Horsenden’s living hedges

Maintaining Horsenden’s living hedges is an enjoyable yet extremely important task.

Each year the farm hosts a hedging day when national hedge laying expert Clive Leeke visits Horsenden to coach willing volunteers in this country craft which has been practised for hundreds of years.

Watch this short film to learn more about how we maintain Horsenden’s hedges

Correct management of our hedgerows is essential if we are to conserve our wildlife and landscape for future generations.

Hedgerows define our countryside and provide many environmental services and are vitally important for wildlife as a refuge, a source of food, and as corridors along which they can move through the landscape. Hedges were traditionally laid to prevent sheep and cows from raiding kitchen gardens and to stop spring lambs wandering off from their mums.

 Generations of countrymen made a living tending the hedges and stone walls across the land.

In time they became the village apothecary with a ready supply of medicinal flowers and fruits.  Later generations of lords and ladies learned to leap their steeds over them as they sped across the fields chasing foxes.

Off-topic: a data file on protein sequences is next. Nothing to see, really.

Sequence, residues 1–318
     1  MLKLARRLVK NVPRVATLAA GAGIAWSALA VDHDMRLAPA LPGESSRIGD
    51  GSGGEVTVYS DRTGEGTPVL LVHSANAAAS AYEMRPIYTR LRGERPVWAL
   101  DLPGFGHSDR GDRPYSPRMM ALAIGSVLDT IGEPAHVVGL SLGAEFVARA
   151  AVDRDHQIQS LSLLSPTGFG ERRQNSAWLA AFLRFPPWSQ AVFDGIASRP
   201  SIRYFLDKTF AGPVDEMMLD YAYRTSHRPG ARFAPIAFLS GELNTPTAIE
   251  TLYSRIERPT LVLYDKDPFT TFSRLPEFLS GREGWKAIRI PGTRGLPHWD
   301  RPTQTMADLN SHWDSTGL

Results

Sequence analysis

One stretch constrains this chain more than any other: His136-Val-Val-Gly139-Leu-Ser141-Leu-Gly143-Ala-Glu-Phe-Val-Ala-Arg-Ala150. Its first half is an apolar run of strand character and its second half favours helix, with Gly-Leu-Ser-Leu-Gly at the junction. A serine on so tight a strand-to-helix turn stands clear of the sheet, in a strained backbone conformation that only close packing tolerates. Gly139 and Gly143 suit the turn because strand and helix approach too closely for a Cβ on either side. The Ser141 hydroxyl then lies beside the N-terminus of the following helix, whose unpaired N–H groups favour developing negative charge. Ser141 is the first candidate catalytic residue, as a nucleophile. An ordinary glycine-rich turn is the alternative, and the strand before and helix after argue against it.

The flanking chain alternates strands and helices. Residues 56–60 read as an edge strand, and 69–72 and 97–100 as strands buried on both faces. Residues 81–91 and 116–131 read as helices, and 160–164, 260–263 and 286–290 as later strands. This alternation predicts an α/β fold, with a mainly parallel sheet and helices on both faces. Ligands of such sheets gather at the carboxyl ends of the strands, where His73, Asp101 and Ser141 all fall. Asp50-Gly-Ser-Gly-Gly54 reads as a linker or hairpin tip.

Wire fences, tractors, wartime food shortages, field sizes and chemical fertilisers began the decline of the hedge and with it the skills that were once so valued.  Nowadays, traditional crafts such as hedge laying are popular once more.  At Horsenden we are rightly proud of our living hedges and our team of enthusiastic hedge layers treat them with tender loving care.

Get involved

Hedge laying needs to be undertaken in late winter or early spring and certainly before the nesting season gets underway. Check our Events section for future dates if you’re interested in learning this ancient skill that is so relevant today.  Once you know the basics, there will be opportunities to get involved in hedge maintenance activities.